Day of decision for STAR | TahoeDailyTribune.com
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Day of decision for STAR

A vote by the South Lake Tahoe City Council today could make or break South Tahoe Alliance for Recreation’s initiative to build and maintain recreational facilities at South Shore.

STAR, an organization whose mission is to implement El Dorado County’s Recreation Master Plan, is proposing to bring a $5.3 million bond measure to voters in the Mello-Roos district in a September special election. The bond would pay for the construction of two proposed recreation projects – a $3.8 million ice rink on Rufus Allen Boulevard and three playing fields for $1.3 million near Lake Tahoe Community College. It would also raise $225,000 to be used for maintenance of the projects and upkeep on 25 miles of bike trails to be built by outside parties such as the California Tahoe Conservancy.

In order for the bond measure to reach the ballot, the city of South Lake Tahoe and El Dorado County would have to join in a Joint Powers Authority agreement. That decision will come Tuesday when both the City Council and the county supervisors vote on the authority agreement.



Whether or not the city should join in a Joint Powers Authority has caused a considerable amount of debate and mudslinging between city officials and STAR members. One attack got personal when City Councilman Bill Crawford, who opposes joining the Joint Powers Authority, and John Upton, a member of the STAR committee, had an altercation at a South Tahoe Recreation Commission meeting last month.

Crawford, who later apologized publicly for his actions, said he supports recreation but opposes increasing debt and taxes.




“What we’re doing here is creating another layer of government that the people have no control over,” Crawford said. “There’s a great deal of authority that is passed along to the board of the Joint Powers Authority. Like I’ve been saying all along, they have the authority to hire employees and to create debt.”

Crawford said he’s also skeptical about the tax plan to pay for the bond indebtedness.

The proposal calls for an $18 property tax for each residential plot in the Mello-Roos district, which includes the city of South Lake Tahoe, Meyers and other El Dorado County residents in the Lake Tahoe Basin. About one-third of the obligation would be paid for by a business tax determined by a formula that takes into account the business type as well as a number of other factors, Upton said.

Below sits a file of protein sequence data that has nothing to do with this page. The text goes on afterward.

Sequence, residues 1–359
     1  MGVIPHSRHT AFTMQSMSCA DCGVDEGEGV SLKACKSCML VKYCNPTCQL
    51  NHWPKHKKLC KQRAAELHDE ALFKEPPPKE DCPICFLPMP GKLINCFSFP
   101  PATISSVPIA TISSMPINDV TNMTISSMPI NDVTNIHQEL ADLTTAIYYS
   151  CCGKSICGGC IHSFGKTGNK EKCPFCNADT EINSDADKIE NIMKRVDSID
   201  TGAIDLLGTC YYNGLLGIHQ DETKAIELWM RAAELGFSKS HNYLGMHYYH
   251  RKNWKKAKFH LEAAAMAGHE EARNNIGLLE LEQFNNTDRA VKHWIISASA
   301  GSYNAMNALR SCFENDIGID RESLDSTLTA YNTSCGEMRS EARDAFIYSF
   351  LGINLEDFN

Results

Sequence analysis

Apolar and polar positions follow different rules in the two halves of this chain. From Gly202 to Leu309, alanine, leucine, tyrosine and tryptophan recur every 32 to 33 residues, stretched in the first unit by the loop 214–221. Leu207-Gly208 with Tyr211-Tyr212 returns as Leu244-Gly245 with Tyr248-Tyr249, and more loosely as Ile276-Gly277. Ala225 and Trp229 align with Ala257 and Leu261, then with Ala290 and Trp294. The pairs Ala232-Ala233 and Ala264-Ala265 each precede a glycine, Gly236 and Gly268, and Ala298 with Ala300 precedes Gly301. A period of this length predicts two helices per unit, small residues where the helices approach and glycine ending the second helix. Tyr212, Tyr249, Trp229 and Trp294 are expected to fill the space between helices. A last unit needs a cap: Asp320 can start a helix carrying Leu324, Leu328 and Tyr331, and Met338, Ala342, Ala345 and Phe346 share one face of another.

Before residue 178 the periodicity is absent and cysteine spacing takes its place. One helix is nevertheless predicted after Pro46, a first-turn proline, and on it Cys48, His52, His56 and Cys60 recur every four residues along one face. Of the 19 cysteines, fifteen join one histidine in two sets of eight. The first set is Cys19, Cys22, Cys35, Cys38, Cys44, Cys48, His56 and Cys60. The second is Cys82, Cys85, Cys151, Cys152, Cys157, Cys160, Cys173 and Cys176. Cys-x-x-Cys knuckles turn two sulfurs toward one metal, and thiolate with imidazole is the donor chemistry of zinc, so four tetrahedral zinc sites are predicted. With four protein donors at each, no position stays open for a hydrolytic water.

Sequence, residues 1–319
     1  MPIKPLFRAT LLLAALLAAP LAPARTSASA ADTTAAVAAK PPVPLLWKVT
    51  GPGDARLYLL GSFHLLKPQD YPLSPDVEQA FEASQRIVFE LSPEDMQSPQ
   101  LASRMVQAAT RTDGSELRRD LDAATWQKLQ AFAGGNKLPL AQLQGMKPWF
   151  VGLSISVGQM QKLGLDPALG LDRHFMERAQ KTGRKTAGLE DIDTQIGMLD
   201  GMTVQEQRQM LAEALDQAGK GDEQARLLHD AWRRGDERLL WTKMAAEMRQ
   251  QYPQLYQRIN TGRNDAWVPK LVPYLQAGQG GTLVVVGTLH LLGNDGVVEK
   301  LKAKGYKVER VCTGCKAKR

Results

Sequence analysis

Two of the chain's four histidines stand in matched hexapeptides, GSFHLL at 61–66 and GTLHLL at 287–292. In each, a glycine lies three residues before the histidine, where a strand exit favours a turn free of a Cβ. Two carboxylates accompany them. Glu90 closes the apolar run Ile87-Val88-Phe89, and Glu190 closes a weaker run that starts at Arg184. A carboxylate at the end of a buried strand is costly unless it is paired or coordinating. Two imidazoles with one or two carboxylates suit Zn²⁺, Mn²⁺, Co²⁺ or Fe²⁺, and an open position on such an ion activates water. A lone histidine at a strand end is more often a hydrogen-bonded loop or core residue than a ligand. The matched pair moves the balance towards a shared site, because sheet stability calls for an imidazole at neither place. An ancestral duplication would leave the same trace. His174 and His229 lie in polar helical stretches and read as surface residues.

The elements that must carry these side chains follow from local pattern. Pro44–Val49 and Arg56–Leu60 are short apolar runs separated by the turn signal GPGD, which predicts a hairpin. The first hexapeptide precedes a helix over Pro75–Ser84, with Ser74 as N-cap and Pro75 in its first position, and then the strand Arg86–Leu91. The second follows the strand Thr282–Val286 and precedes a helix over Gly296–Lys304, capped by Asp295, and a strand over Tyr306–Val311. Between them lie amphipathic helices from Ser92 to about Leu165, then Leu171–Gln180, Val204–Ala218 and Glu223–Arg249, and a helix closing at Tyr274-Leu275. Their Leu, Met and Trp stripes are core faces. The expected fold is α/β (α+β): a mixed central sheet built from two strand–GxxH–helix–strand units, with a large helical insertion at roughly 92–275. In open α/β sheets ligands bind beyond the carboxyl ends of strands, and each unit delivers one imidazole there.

Crawford said, upon reading the Joint Powers Authority proposal, he didn’t find any mention of the business tax.

“They don’t talk about multi-family dwellings; they don’t talk about commercial establishments – the residents are going to be the sole sponsors,” he said. “The board can amend this sucker at any time. That means they can raise the tax rate, in my opinion.”

Upton said, despite the recent opposition, he believes there is considerable support for the measure.

“There’s a lot at stake in this for the 3,000 kids in the community who are trying to play sports on crowded, over-used fields,” Upton said. “The bottom line is: are you willing to pay $18 to have these benefits? This is a good buy for the community, and that’s the only reason I spend all the time I have on this.”

Attorney Dennis Crabb, who is working as a recreation plan facilitator for El Dorado County, will make a presentation on the bond measure to the City Council Tuesday, just before they vote on joining the Joint Powers Authority. The meeting will be held at 6 p.m. in the council chambers at 1900 Lake Tahoe Boulevard.

Other items on the agenda:

– Approval of the final subdivision map for the Park Avenue Redevelopment Project.

– Status on ice rink’s preliminary design.

– Review of airport rates and charges for keys and land rent.

– If a Joint Powers Authority is passed, then the council will vote on its meeting dates and board member representation.


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